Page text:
From the 1977 Album I Am A Photograph.
Amanda Lear first surfaced in the early '70s as a fetishistically clothed album-cover model for Roxy Music. She was said to be a transsexual but, as she told Interview magazine, that was just a ruse dreamed up by her sponsor, David Bowie, to draw attention. Her importance to disco fans, however, began in 1977, when she recorded I Am a Photograph in Germany with production help from Tony Monn. I Am a Photograph is the first of six sleazy, hard-to-find albums in which she flaunts a voice so heavy with low notes it makes one wonder if she really isn't a man after all. But Lear's slow notes are simply an exaggeration of the whiskey-voiced sultriness created by Marlene Dietrich. That isn't to say, however, that Lear's lyrics -- or the music's inverted proportions -- don't exploit her mythology as a kinky concoction to the bursting point.
Cover of the Bardot classic, from the 1984 Album Yinglish.
One of the earliest proponents of chic, detached electro-pop, Gina X Performance (born Gina Kikoine) released a number of records throughout the late '70s and early '80s. A few of her songs, especially "No GDM" (a tribute to writer/actor Quentin Crisp) and "Nice Mover," have remained popular at dance clubs and within DJ circles; as proof of her lengthy shelf life, the latter was featured on Andrew Weatherall's Nine O'Clock Drop, a compilation of alternative dance tracks from the first half of the '80s, in 2000. Her android-like voice recalled obscure disco singer Amanda Lear and -- most significantly -- fellow German Marlene Dietrich.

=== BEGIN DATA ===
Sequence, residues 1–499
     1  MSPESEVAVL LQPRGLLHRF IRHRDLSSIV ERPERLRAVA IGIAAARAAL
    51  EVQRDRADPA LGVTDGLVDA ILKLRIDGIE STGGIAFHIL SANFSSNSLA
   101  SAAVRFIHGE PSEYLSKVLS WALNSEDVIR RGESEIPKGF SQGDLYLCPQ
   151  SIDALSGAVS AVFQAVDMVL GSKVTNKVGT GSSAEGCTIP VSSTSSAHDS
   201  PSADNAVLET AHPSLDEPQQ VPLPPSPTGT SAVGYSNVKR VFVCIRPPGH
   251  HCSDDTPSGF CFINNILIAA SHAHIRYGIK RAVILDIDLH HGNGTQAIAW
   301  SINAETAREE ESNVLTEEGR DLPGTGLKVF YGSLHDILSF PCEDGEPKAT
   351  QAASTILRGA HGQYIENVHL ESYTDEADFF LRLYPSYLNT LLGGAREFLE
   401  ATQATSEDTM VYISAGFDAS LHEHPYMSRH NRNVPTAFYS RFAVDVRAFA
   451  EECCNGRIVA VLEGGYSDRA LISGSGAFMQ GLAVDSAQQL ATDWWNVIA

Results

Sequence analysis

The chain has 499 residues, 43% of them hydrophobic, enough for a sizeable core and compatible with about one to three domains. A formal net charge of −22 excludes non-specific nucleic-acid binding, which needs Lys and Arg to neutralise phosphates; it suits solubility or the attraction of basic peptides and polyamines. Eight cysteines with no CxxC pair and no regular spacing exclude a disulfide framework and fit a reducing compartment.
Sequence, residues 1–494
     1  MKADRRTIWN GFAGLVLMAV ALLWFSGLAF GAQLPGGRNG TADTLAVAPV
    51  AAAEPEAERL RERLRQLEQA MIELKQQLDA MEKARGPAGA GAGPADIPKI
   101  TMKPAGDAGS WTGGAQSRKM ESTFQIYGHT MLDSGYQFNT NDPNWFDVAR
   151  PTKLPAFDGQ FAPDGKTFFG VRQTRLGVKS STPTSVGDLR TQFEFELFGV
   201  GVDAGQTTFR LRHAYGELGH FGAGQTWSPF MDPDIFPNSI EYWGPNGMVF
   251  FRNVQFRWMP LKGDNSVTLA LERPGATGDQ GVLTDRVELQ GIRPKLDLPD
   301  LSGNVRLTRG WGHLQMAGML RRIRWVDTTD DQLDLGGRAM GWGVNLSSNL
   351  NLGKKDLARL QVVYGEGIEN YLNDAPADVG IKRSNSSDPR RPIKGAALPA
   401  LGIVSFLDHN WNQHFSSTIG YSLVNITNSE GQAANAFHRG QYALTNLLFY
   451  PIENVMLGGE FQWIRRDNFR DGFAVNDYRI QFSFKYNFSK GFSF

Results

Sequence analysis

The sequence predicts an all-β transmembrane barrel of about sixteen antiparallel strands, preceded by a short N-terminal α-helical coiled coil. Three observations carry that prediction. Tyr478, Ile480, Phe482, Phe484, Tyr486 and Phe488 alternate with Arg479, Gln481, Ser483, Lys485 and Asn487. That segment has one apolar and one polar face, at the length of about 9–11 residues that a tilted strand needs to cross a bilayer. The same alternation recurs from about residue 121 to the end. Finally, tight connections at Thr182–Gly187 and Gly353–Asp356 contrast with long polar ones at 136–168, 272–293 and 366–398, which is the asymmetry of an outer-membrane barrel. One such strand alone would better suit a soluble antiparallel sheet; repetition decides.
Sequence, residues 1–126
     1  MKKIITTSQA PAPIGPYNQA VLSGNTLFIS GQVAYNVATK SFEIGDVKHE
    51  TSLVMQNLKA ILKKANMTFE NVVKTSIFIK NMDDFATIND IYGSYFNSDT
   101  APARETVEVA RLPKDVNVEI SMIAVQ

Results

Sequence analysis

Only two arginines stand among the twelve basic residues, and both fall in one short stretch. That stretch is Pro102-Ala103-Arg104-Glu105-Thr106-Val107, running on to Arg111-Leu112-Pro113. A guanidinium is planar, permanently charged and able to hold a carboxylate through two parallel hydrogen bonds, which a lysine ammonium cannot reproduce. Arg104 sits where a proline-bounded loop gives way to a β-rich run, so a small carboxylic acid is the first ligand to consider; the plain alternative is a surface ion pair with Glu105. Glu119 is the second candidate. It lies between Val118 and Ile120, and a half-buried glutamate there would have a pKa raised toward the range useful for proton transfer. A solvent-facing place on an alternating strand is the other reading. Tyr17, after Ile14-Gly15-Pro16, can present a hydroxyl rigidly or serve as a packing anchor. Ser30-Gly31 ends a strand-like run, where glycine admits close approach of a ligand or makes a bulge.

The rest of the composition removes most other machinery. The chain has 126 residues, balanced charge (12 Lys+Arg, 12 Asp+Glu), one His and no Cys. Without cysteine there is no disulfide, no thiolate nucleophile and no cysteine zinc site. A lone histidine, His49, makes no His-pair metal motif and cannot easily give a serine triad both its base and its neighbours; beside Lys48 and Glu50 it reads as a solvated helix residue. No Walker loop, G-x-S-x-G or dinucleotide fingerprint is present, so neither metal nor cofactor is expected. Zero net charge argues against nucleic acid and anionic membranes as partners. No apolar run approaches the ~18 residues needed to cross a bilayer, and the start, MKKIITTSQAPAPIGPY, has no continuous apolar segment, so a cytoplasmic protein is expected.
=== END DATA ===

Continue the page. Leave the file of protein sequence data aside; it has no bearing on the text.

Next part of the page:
More on Gina X in this excellent bio.